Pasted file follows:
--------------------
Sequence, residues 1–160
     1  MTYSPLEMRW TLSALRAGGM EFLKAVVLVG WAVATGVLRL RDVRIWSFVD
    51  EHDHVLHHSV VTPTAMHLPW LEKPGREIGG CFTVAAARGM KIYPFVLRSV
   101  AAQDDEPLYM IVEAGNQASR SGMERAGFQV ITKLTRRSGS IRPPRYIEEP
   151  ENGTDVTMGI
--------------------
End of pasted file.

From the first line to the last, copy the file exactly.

Sequence, residues 1–160
     1  MTYSPLEMRW TLSALRAGGM EFLKAVVLVG WAVATGVLRL RDVRIWSFVD
    51  EHDHVLHHSV VTPTAMHLPW LEKPGREIGG CFTVAAARGM KIYPFVLRSV
   101  AAQDDEPLYM IVEAGNQASR SGMERAGFQV ITKLTRRSGS IRPPRYIEEP
   151  ENGTDVTMGI